A proposal to install surveillance cameras at key entry/exit points in Riverside has new life after village trustees on March 1 gave Police Chief Thomas Weitzel the go-ahead to gather more information about their usefulness in identifying people suspected of committing crimes, where they might be installed and how much a camera network would cost.

Weitzel told the Landmark he hopes to have more information for the village board within the next 90 days.

“I’m going to get as much evidence to give the board a reason to justify looking at it,” said Weitzel. “Then it’ll be a policy decision for the board.”

It’s not the first time Weitzel’s been tasked with taking a look at a surveillance camera network for key entry/exit points in Riverside. In 2014, Weitzel estimated it would cost roughly $180,000 to place cameras at 16 locations along the village’s borders, but the board eventually decided it didn’t want to put such an expense into its 2015 budget.

Now it appears that if Riverside officials move ahead with a camera system, it will be more of a pilot program involving a smaller number of cameras. Weitzel said he hopes to identify three to six important exit points for the board.

On March 1, Weitzel identified the Barrypoint Road bridge, Harlem/Longcommon, Burlington/Harlem, First/Forest, 31st Street/Desplaines as possible locations for the cameras.

“When the criminals come in here, if they don’t get lost by our streets at night time, they seem to exit through … the straight streets,” Weitzel said. “That’s where they seem to flee when something happens.”

Implementing such a system would cost between $12,000 to $15,000 per camera plus annual costs for maintenance and computer hardware to store the video.

Weitzel has already compiled some information from the villages of Elmhurst and Burr Ridge, which have surveillance camera systems. Riverside Trustee Doug Pollock, who serves as the village administrator of Burr Ridge, is an enthusiastic booster for the cameras. 

Pollock was the one who initially pushed for a system in Riverside in 2014, and says they’ve proven to be an important part of police investigations in Burr Ridge.

“I’m a very strong supporter of doing this,” said Pollock during a discussion of the matter at the March 1 village board meeting.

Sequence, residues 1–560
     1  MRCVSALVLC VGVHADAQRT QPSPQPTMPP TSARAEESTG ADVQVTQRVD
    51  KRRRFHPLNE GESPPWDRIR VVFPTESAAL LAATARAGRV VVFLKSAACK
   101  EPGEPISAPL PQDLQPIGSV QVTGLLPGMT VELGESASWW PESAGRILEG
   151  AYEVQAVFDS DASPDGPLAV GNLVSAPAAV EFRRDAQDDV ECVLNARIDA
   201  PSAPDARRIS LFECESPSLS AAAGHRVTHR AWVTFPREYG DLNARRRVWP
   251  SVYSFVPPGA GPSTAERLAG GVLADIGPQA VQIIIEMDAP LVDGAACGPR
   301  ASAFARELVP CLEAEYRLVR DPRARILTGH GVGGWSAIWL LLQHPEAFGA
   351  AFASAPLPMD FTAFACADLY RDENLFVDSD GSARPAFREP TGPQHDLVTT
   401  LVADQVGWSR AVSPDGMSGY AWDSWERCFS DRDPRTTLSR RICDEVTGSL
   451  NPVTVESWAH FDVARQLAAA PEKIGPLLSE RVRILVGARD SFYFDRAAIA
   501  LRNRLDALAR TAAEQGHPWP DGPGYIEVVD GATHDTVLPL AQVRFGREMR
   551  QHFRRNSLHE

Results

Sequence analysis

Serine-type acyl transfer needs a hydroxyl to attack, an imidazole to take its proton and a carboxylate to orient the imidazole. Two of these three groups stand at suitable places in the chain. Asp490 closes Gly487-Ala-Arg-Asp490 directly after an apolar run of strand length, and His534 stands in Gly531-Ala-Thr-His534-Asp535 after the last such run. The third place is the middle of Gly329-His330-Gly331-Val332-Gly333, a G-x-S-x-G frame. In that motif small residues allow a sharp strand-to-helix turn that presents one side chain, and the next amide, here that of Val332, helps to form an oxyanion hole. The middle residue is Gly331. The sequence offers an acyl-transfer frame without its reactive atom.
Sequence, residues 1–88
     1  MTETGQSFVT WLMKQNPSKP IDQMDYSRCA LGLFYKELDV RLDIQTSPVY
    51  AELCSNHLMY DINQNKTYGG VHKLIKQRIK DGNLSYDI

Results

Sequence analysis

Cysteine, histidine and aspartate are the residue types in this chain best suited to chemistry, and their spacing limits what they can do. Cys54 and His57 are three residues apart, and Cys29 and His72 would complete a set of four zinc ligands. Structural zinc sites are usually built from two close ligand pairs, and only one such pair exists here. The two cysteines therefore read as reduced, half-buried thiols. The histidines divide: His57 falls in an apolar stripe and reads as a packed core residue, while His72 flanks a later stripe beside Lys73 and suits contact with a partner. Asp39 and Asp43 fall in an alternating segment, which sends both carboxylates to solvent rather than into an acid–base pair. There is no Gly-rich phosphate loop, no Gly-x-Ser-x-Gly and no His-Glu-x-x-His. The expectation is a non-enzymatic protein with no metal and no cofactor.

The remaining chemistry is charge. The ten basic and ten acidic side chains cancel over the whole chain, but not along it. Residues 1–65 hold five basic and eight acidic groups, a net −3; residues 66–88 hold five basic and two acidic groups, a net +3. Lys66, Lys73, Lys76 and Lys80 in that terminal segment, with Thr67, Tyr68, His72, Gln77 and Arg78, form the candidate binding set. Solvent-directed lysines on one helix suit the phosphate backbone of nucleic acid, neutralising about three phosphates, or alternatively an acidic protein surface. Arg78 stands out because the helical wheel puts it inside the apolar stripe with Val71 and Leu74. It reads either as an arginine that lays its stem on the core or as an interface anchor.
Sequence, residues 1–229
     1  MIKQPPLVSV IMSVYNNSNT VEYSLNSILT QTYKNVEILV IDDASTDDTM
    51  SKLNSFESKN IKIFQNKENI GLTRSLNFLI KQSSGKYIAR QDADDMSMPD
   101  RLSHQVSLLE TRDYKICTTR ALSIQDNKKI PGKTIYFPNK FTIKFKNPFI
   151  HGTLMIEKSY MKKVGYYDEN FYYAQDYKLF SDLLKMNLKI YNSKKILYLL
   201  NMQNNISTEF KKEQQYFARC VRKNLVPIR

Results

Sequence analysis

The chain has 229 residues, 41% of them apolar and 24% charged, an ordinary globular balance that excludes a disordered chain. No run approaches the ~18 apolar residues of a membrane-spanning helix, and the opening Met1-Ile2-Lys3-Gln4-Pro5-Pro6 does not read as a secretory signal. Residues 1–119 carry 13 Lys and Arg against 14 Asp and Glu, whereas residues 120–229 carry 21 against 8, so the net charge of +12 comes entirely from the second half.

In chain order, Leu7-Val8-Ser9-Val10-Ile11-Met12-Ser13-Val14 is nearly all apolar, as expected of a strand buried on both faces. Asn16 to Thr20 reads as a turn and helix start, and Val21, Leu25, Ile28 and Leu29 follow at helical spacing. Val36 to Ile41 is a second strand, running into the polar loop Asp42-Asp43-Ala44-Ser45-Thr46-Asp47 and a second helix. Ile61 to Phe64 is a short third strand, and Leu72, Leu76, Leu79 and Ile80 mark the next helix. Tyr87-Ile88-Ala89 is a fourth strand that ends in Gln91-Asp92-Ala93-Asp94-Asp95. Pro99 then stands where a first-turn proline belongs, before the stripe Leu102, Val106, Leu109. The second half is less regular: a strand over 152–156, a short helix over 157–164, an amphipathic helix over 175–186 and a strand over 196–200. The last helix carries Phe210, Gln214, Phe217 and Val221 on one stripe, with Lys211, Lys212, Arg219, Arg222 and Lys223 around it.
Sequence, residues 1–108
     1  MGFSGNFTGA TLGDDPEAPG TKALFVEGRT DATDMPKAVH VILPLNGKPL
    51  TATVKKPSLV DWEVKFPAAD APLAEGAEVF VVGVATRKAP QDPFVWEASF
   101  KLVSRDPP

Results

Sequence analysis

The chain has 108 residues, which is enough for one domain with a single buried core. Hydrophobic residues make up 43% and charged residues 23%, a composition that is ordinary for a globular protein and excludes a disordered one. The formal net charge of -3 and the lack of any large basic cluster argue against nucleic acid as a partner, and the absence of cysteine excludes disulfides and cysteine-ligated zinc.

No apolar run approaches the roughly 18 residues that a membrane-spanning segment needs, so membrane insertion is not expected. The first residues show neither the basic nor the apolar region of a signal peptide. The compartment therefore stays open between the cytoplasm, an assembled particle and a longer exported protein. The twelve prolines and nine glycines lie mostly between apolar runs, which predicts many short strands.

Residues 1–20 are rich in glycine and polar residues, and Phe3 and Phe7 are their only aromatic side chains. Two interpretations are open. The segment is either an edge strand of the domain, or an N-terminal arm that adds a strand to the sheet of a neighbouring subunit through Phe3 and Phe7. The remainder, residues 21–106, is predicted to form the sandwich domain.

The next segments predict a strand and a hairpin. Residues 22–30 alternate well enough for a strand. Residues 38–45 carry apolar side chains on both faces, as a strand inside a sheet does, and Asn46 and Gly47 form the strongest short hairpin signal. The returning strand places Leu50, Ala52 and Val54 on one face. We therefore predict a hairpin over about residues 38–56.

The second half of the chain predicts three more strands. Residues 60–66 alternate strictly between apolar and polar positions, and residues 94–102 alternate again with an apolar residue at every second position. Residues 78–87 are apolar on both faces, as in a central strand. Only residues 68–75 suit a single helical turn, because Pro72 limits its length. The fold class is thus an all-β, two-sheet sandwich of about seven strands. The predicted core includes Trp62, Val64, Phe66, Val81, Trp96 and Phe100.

Pollock said the Burr Ridge program started with cameras at the entries of two or three subdivisions and was so successful in helping solve crimes that cameras have now been installed at the entries to 14 subdivisions in that village.

“For $100,000 to $150,000 one-time expense, we could have a full camera system at every single-entry way and exit point of this village,” Pollock said. “So that if a crime occurs in town by somebody from out of town, they can’t get away without their license plate being recorded.”

Weitzel said that private surveillance camera videos from Riverside Foods in downtown Riverside and a red-light camera at Harlem Avenue and Cermak Road were critical in identifying a vehicle and arresting two people suspected of being involved in a drive-by shooting on East Burlington Street in December 2017.

In addition to helping solve crimes in Elmhurst and Burr Ridge, Weitzel told trustees on March 1, the cameras have also served to debunk bogus crime scares.

Riverside resident Lindsay Morrison asked, given a recent report on Riverside’s low incidents of crime, whether such a system was worth the expense. She said she hoped there would be solid data to justify it.

“A little bit more definitive numbers around that would be helpful to understand if that’s something that we would want to spend money on as a village,” Morrison said.

But, Riverside resident Therese Dolezal said she wished there would have been cameras to document an incident where she was a victim of a crime on one of Riverside’s streets.

“Having those cameras at those entrances would have been pretty crucial in the final criminal case that didn’t go fully to fruition,” Dolezal said.

If trustees decide to move ahead, the village likely would need to seek proposals from companies, select a vendor and then build the expense into the village’s 2019 capital budget.

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